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Wednesday, 14 July 2010 19:21

Chicago Gangsters: Former Speakeasies and Hangouts

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Be taken back to the 1920s by participating in one of the Chicago gangsters’ favorite activities: eating and drinking (illegally). Many Chicago restaurants have been discovered to have once been underground speakeasies. Many of these eateries play up this theme by adding antique Prohibition relics, aged black and white photos of ill-famed criminals, and even specialty gangster menu items.

Green Mill Cocktail Lounge
Opened in 1907, the Green Mill has seen its fair share of change over time. However, its most famed stretch was in the era of Prohibition when Al Capone’s malevolent cohort, Jack “Machine Gun” McGurn owned 25 percent of the club, actually a speakeasy at the time. In order to obtain his share of the nightclub, McGurn was hired to convince the comedian Joe E. Lewis from moving his act to different club, which he succeeded in doing by slitting Lewis’ throat and cutting off his tongue. After obtaining his portion of the club, McGurn hoarded in a continuous flow of the most wanted criminals in the country. The Green Mill today still holds the air of an illegal speakeasy. Live jazz music erupts from musicians embodying the spirit of the 1930s and 1940s, and guests can even sit in Al Capone’s customary booth, which is decorated with pictures of the ring-leaders of prohibition law-breakers. A modern-day entertaining event at the Green Mill is the Uptown Poetry Slam, which occurs every Sunday.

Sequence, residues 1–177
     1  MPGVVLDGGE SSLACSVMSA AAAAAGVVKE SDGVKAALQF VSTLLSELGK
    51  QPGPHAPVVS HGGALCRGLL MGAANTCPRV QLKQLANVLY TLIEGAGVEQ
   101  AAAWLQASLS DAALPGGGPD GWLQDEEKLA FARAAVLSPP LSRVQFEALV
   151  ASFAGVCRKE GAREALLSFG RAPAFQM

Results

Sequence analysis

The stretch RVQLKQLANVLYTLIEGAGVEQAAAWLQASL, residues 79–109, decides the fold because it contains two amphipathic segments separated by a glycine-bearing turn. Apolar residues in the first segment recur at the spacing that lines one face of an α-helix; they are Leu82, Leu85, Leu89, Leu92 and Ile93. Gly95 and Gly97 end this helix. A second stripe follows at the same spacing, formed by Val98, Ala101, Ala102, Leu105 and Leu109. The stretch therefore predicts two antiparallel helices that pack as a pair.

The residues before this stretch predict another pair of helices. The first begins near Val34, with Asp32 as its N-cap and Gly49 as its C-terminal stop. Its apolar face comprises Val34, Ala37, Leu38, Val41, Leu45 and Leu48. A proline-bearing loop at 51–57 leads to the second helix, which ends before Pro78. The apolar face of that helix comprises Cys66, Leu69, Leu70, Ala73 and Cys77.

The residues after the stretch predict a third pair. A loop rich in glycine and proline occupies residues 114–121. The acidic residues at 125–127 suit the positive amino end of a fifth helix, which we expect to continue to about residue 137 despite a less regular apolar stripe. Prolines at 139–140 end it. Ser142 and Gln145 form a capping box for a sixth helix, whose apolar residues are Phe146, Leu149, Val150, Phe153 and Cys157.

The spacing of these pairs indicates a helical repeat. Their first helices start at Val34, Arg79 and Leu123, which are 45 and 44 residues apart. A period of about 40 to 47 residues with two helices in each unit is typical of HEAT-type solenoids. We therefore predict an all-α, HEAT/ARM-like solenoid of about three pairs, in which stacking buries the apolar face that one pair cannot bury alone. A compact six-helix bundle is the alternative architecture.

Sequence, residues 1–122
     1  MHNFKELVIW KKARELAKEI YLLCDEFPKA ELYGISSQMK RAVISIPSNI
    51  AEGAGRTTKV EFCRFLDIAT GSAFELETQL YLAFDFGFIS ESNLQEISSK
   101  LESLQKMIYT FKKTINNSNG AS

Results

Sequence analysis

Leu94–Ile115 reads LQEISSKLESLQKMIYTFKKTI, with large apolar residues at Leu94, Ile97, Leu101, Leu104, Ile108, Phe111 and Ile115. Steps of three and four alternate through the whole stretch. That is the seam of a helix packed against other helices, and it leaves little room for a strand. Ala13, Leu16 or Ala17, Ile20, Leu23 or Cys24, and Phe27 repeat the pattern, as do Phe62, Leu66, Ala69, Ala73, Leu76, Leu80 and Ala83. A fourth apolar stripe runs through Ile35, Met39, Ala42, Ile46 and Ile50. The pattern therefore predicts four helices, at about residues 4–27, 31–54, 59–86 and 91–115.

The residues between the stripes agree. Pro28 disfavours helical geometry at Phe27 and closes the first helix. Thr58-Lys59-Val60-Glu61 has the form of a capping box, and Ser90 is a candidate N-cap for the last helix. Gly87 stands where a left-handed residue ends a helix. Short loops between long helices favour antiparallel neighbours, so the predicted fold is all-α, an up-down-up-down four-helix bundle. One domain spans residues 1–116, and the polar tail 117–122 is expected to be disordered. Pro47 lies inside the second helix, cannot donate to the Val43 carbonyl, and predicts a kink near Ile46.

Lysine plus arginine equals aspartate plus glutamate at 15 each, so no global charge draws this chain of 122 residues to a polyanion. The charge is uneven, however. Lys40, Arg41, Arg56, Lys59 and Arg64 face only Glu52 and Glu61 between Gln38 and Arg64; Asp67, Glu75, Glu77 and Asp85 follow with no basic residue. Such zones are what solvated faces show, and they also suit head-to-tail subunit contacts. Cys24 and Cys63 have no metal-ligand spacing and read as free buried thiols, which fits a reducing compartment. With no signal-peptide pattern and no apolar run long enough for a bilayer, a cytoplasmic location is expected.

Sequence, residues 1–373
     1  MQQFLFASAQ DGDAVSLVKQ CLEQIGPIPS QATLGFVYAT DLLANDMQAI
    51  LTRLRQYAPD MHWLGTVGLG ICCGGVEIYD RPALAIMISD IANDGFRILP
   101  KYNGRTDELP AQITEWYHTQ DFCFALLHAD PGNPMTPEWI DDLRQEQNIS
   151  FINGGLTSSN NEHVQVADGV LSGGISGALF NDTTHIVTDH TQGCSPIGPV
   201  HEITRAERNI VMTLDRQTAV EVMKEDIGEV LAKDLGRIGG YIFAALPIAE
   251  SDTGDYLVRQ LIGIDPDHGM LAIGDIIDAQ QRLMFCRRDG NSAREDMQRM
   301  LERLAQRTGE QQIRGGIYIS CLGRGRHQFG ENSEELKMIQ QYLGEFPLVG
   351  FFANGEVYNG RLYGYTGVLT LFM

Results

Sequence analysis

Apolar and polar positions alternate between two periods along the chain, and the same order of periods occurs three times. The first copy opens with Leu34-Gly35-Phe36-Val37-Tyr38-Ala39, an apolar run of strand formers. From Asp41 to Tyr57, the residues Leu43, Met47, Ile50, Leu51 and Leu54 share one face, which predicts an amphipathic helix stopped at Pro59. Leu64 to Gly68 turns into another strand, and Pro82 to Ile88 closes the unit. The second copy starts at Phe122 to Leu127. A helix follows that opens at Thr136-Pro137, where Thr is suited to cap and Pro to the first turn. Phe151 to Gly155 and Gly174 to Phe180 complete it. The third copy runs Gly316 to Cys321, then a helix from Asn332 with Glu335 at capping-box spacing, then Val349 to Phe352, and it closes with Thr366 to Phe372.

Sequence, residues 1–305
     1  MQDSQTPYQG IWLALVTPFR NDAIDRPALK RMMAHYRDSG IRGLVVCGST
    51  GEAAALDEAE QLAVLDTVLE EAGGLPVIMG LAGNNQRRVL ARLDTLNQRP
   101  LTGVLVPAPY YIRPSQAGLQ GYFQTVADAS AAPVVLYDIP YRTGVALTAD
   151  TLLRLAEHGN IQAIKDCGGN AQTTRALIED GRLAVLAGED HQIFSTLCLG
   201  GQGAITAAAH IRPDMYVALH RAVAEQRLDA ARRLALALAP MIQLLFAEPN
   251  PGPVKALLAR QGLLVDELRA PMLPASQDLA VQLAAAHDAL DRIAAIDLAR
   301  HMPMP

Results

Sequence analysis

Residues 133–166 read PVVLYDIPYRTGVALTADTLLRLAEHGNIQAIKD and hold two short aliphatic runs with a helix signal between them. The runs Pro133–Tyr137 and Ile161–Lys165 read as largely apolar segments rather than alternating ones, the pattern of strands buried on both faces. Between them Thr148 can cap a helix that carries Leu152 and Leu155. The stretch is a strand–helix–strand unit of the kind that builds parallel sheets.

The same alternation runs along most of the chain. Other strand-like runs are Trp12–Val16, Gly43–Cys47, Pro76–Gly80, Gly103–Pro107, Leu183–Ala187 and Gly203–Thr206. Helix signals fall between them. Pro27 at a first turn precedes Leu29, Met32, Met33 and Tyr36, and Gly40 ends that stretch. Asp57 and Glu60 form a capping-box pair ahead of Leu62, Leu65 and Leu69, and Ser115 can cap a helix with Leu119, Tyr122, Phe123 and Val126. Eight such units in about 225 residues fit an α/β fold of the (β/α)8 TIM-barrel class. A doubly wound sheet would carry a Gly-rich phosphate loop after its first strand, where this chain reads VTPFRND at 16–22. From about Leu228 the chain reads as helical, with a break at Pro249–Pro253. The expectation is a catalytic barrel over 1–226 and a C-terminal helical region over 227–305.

John Barleycorn Memorial Pub in Wrigleyville
During Prohibition, the building where John Barleycorn is now located was used as a Chinese laundry. Oddly enough, clean clothes weren’t the only item the laundry was pumping out in large loads. A small elevator connected the laundry basement to an upstairs saloon with boarded windows so the lively bar looked closed. In fact, gangsters such as John Dillinger used to enter the laundry and end up spending the rest of the night drinking illegal liquor. Now, John Barleycorn Memorial Pub serves traditional tavern food with a variety of sandwiches, salads, and of course burgers.

Lottie’s Pub
Enter the domain of one of the most enabling and influential women of the 20th century simply by walking into Lottie’s Pub in Bucktown. The famous Lottie ran what was then Zagorski’s Tavern for over 30 years and hosted parties of strippers and gamblers almost every night. Zagorski’s was a haven for Chicago’s top gangsters, public officials, and Bucktown locals until 1967 when Lottie was arrested for hosting a bookie den and having illegal gambling paraphernalia. With posh new renovations to the upstairs and downstairs bars, Lottie’s still has the flair of a sizzling party spot. If customers get hungry, Lottie’s always keeps the crowd happy with plenty of cheap and greasy bar food with different specials every night of the week.

Tommy Gun’s Garage
If you feel like being transported back to a Roaring Twenties speakeasy, Tommy Gun’s garage is the hotspot to hit up. The interactive dinner theater is packed with gangsters and flappers who serve you delicious food and lead you through a fun-filled night including live music, dance, and comedy performances. Give the password to the bouncer, try to avoid the coppers, and sip on some quality hootch while enjoying all of the excitement of the twenties. This family-friendly downtown joint provides a quality experience for all types and ages.

For more Chicago gangster dinner theater options, visit the Chicago Gangster Tours guide page.

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Last modified on Saturday, 05 February 2011 23:18
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